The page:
For those of us who do NOT speak Romanian:
de Adrian Novac HotNews.ro
Luni, 7 septembrie 2009, 8:38 Actualitate | Internaţional
Foto: Arhiva personala
Background: Dr. Bruce Tefft served 21 years in the CIA, including 17 years abroad, many as a CIA Chief of Station; and was a founding member of the CIA’s Counter Terrorism Center in 1985.
Dr. Tefft has traveled more than 350,000 miles, training more than 17,000 thousand law enforcement officers and first responders in the U.S., Canada, Europe, and Mexico. After 9/11 he served as the New York Police Department’s Counter-Terrorism and Intelligence advisor.
Dr. Tefft is vice-president of the Western Defense Studies Institute in Rome and is Director of CRA’s Terrorism Assessment Center in the USA, providing world-wide terrorism prevention and emergency response training to first responders, law enforcement and security agencies and civil servants.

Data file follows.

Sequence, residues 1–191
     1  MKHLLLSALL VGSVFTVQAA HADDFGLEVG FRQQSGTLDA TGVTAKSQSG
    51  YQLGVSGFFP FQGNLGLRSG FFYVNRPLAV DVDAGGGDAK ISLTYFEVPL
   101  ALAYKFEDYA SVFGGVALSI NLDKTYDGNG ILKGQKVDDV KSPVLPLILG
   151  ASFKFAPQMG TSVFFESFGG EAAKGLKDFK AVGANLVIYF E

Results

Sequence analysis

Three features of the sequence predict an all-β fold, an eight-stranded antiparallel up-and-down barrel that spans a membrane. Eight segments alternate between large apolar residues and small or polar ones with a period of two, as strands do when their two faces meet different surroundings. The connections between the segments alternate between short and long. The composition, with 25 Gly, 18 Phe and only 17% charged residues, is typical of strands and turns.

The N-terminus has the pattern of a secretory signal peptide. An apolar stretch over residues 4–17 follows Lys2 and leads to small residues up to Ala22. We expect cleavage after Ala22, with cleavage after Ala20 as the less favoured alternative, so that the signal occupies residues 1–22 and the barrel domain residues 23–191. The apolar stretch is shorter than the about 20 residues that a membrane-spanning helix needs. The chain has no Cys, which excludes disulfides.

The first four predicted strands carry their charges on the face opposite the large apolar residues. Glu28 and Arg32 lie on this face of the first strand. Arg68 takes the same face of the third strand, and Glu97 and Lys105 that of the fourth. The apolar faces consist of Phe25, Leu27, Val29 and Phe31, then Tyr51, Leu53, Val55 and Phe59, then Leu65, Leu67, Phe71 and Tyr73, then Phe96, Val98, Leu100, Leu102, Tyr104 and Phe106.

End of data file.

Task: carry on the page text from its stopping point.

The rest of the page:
He has a Master’s degree in History and Doctorate in International Law from the University of Denver.
How does someone get a job at the CIA? Should you have special skills, it’s about luck or it’s a job for the Average Joe?
There is a lot of information on the internet about applying for employment with the CIA…many questions are answered, for example, at this site:
Within the CIA there are thousands of people with many different skill sets and capabilities. I met “Average Joe’s” and geniuses.
Some skills are more useful than others: language abilities are highly prized as well as adaptability, flexibility, intelligence, common-sense (not so common) etc.
Chances of being accepted depend more on whether your skills match the needs of a particular job vacancy than on what skills you actually have. One year the CIA may have no need for someone with your skills or educational background and experiences and the next year an opening may appear. I applied 3 separate times in 5 years before being accepted for the intial interview.
Did you consider your career to be adventurous? What aspects made it adventurous?
Of course. ANY career involving travel and living overseas in dangerous parts of the world is adventurous. I was fortunate to spend 17 of my 21 years abroad; mostly 3rd or 4th world countries and war zones.
The challenge is in dealing with or adapting to unknown and potentially dangerous circumstances of a culture or country not your own. Travellers and tourists do this all of the time…most are not also engaged in other risky activities at the same time. Continue reading